By AMERICAN HEART ASSOCIATION NEWS
Nick Weber had his life all planned out. He had just graduated from the University of Texas at Austin and was studying to become a doctor. Then, at age 22, he had a heart attack.
It happened in 2013 while cycling at White Rock Lake in Dallas. Midway through the ride, he felt a pulling sensation on the right side of his collarbone.
He thought maybe he was training too hard or maybe he was dehydrated. He tried to shake it off, telling himself to “push through it” and finish the ride. But “something was just not right,” Weber said.
It wasn’t until he got home and experienced a massive chest pain that he decided to go to the hospital. It felt like someone had run a sword through his chest, Weber said.
He wasn’t far off. Doctors found a tear in his coronary artery wall.
Weber struggled to accept that the athletic identity he had fostered since high school may not be possible anymore. At the time of his heart attack, he often biked up to 300 miles a week through Austin’s Hill Country.
He was also scared. He admitted that while cardiac rehabilitation was a physical challenge, returning to everyday life was a psychological one. It took Weber more than a year to rebuild his confidence.
Weber said he listens to his body more now and gets more sleep. He’s also using his experience to help advance medicine.
In January, Weber posed a question to researchers at Baylor University Medical Center in Dallas: How far could young, athletic heart attack survivors safely push themselves? With approval from his doctors, Weber volunteered himself as the test subject.
Weber’s goal is to prove that it is possible for heart attack survivors like himself to return to a highly physical lifestyle.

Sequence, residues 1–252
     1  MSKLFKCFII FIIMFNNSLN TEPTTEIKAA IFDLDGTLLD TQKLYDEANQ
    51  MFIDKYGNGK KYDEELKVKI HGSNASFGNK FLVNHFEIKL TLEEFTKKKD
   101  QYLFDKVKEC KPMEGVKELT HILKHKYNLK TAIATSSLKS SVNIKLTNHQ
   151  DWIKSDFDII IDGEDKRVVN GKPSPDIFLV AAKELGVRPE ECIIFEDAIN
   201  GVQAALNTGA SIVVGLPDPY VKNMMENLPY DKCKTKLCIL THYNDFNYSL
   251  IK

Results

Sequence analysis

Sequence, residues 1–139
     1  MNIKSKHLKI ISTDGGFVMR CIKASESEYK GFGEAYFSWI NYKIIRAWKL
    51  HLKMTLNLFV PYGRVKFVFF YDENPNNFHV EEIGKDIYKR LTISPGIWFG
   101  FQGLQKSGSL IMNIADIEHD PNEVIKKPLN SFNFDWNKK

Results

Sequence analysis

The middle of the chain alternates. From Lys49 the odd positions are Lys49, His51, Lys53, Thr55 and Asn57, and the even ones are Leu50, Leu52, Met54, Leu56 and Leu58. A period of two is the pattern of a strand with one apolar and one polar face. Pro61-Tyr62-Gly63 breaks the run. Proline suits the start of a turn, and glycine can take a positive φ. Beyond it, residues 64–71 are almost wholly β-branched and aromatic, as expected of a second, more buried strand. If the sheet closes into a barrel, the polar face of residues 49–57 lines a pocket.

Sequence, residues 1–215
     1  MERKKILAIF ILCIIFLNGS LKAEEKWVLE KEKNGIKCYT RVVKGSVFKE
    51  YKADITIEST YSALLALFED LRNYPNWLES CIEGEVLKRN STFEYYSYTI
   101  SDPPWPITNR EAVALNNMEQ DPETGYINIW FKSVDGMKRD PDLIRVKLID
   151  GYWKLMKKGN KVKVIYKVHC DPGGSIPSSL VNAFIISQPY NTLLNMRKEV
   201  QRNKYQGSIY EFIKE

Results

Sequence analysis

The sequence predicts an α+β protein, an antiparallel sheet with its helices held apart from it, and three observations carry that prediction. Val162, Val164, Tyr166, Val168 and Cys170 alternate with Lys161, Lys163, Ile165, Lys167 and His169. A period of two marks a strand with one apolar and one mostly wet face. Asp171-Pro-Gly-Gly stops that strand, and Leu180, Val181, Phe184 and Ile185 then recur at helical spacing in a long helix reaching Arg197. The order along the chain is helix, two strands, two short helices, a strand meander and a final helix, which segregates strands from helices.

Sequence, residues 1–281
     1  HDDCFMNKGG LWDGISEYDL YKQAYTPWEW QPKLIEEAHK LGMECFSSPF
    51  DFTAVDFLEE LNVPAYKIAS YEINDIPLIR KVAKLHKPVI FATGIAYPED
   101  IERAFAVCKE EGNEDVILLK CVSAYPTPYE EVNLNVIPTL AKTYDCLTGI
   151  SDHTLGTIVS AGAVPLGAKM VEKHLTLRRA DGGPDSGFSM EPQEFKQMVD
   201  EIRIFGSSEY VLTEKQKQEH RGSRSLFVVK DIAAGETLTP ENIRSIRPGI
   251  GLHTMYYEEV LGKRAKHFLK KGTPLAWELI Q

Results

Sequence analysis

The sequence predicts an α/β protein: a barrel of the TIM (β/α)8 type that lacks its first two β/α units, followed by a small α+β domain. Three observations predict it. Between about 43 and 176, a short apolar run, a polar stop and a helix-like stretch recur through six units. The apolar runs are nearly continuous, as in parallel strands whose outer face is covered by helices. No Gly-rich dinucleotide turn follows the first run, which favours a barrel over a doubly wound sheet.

It was something he and his doctors had worried about, given the little research that exists on young athletes with heart-related issues.
One problem in figuring the question out is the tendency for cardiac rehabilitation facilities to use only moderate levels of exercise, Weber said. Instead of using a cookie-cutter methodology, rehab should aim to push people to where they want to go and can go, he said.
Researcher Jenny Adams, Ph.D., and cardiac rehab manager Tim Bilbrey, both of Baylor Heart and Vascular Hospital, are assisting in the research, and Hincapie Sportswear, Pioneer Electronics, Shimano and Zevlin provided equipment for the study.
Weber goes to Baylor three times a week for high-intensity exercise on a stationary bike. During the sessions, Adams and Bilbrey monitor Weber’s heart rate.
In traditional cardiac rehab programs, Weber would never get the opportunity for high-intensity exercise, the Baylor researchers said. But because they want Weber to be confident enough to safely ride in groups and competitive races, they are having Weber push himself.
Weber, Adams and Bilbrey hope to eventually publish their research so that it may help other young athletes in a similar situation.
The research can also hopefully give athletes who have heart attacks some peace of mind that they can completely recover and live an active life, said Weber, who hopes to attend medical school in fall 2016.
“You don’t have to live a life of fear because you have this incident,” he said.